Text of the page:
SL, Reid-Smith R, Boerlin P, Weese JS. Zoonoses Public Health. 2008
B, Burns A, Johnson GS, et al; Emerg Infect Dis. December
On top of that, clients who feed their pets significant amounts of raw meat must ensure the diets are properly balanced, or the animals could be at risk of nutritional deficiencies, experts say.
Larsen says it’s important for veterinarians to understand why raw feeding may appeal to some clients. “Talk to the owners about what exactly their goals are,” Larsen says.
Often, whether owners prefer an organic food supply, fewer additives or better control of what their pets are eating, they can accomplish the same thing by feeding cooked food, either home-prepared or commercial, she says.
If a client is set on raw, working with a veterinary nutritionist can help balance the pet’s diet, avoiding the risk of nutritional deficiencies.
As for the pathogenic risk of serving raw meat, that one is tougher to address.
High-pressure pasteurization might hold some promise, but more study is needed, Larsen says. More research is also critical to determining whether any of the benefits claimed for raw diets outweigh the potential risks.
“We really need studies that compare home-prepared diets that are raw with the exact same diets, cooked,” she says.
One effort to begin filling the data gap is under way at the University of Tennessee (UT), led by Dr. Beth Hamper, who has completed her residency in veterinary nutrition and is working on a doctoral thesis that combines aspects of nutrition and immunology.
“There are all kinds of claims made about raw diets, but none of it has been substantiated,” Hamper says. “I’m looking to see if the claims are true.”
Her research is funded partly by the Winn Feline Foundation, which awarded $14,878 in 2009 to a UT team that includes Hamper to examine raw diets of kittens.
The goal of the research is to “determine whether a commercially produced raw food diet and a homemade raw diet are nutritionally adequate for (feeding) kittens and whether these diets enhance immune function and improve digestibility,” according to the foundation.
Hamper says she hopes to complete her thesis in June.
Until research comes up with more definitive answers, veterinarians have their own experiences with the effects of raw food diets to consider.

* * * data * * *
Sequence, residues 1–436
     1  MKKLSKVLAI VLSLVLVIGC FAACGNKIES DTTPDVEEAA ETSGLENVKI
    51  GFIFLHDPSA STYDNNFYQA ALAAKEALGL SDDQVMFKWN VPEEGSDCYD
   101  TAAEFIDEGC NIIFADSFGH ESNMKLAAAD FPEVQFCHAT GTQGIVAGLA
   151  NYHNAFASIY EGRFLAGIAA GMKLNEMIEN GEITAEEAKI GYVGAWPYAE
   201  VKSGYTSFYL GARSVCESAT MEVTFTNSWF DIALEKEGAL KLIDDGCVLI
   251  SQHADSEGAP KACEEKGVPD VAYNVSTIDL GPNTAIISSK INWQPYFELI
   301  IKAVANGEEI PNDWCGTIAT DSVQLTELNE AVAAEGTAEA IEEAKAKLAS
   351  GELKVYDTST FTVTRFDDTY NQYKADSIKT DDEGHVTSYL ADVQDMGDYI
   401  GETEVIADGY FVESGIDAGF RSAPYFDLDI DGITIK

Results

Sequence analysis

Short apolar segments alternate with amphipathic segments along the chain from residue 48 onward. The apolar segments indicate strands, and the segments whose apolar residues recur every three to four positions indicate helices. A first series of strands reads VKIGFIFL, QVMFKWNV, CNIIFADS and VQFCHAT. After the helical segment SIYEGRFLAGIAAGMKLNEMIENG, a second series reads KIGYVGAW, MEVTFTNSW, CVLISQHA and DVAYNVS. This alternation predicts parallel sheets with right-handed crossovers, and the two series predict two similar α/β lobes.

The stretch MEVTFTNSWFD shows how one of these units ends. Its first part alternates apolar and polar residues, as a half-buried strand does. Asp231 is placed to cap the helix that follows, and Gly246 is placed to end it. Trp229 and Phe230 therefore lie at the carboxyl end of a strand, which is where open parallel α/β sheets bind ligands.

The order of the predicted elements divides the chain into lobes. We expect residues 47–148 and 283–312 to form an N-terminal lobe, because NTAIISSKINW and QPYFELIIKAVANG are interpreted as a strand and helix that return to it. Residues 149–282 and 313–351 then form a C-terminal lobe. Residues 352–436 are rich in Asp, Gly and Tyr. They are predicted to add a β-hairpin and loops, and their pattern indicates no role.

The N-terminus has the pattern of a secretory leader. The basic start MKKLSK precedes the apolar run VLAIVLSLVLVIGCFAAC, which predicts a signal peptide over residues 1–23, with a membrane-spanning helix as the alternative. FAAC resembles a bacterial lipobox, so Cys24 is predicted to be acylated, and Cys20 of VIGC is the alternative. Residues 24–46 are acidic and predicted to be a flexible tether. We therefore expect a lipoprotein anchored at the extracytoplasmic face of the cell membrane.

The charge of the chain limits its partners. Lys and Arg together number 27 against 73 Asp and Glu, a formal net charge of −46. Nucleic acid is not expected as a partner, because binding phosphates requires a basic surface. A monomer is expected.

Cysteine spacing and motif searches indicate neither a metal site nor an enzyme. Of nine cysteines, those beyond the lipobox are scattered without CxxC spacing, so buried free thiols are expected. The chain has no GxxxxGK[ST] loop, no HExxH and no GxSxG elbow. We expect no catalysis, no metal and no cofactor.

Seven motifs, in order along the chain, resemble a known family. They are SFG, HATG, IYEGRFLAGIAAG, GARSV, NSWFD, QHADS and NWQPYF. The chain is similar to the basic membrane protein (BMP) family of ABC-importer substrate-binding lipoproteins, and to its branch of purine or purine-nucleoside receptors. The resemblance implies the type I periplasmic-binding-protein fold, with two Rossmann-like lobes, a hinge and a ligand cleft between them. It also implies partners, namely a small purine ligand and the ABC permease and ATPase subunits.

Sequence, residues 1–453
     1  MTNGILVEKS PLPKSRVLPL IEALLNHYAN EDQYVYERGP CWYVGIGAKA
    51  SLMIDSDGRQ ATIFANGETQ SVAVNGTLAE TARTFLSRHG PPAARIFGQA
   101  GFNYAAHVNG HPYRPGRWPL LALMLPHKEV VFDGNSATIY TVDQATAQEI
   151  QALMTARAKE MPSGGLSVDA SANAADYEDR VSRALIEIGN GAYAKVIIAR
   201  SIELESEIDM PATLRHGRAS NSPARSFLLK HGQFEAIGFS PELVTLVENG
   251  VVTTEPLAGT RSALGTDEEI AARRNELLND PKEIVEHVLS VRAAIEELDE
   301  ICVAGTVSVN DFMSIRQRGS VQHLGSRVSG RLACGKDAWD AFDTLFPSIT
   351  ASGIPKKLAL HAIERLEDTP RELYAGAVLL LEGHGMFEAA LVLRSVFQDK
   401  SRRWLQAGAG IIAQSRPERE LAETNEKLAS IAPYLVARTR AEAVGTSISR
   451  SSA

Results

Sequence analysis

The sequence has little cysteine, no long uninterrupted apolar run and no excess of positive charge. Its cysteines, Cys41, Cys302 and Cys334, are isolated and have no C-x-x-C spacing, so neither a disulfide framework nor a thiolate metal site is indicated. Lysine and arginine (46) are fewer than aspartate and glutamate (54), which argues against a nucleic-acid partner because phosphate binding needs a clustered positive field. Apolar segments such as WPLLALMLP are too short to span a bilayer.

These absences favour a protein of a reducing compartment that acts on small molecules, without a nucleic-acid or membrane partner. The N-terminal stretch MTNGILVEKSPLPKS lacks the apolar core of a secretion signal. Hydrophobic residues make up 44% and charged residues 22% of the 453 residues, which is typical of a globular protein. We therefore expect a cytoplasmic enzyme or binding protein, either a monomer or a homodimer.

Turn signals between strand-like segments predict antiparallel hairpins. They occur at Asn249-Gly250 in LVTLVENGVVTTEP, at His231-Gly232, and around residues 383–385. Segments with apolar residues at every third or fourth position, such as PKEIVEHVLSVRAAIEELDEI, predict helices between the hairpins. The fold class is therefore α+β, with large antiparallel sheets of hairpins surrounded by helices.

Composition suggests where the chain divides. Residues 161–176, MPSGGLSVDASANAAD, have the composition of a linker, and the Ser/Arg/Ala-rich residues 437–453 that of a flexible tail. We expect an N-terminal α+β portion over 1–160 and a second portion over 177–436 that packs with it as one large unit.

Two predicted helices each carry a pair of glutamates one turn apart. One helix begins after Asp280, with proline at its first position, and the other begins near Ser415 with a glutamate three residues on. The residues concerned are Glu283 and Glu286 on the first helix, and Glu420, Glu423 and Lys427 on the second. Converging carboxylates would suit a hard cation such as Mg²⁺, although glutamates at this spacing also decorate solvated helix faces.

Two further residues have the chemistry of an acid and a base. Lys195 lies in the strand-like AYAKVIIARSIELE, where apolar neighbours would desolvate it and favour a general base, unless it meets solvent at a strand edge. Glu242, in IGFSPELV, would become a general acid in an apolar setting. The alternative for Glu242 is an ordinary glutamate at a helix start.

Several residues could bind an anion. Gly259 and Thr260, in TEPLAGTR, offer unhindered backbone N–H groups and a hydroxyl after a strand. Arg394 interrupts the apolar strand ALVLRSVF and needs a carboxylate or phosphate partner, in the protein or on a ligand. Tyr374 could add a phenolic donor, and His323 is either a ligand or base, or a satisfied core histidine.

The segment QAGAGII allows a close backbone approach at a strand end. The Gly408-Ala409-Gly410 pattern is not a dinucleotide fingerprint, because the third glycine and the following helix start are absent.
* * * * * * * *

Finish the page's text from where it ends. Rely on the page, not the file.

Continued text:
Dr. Cynthia Easton, a holistic and conventional veterinary medicine practitioner in the San Francisco Bay area, has happy and horror stories alike.
In one case, a family opted to give their golden retriever raw meat without discussing it with her. This family had an infant, and the baby spent a week in intensive care fighting an E. coli
infection that was traced to the dog’s raw food, Easton says.
“It just never occurred to them that the dog would be licking their baby,” she says.
Easton is not against raw diets. She occasionally recommends them for certain conditions but always asks first if anyone in the household is very young, elderly, on chemotherapy treatment or otherwise immune suppressed.
In a case for which Easton suggested raw food, the patient was a black Lab that was so miserably itchy, he had to wear a cone for five years. Following the diet change, his skin improved significantly, and the cone came off.
It’s possible, says Easton, that raw food contains beneficial enzymes or other nutrients that are destroyed by cooking. Clearly, it doesn’t contain as many additives or preservatives as many commercially prepared foods.
“I understand the convenience of grabbing something out of a bag and having it last forever on a shelf,” she says, “but it’s not the way I eat myself. Why would animals be any different?”
Easton is eager to see more research done. “You can either pooh-pooh (the diet), and then your client is going to go off and find someone who won’t make them feel like a weirdo, or there are going to have to be some studies so regular vets can have some information about it,” she says.
The pros and cons of raw foods have been the subject of recent discussion
on the Veterinary Information Network (VIN), an online community for the profession.
(VIN also provides a brief overview
about raw feeding in a “frequently asked questions” format.)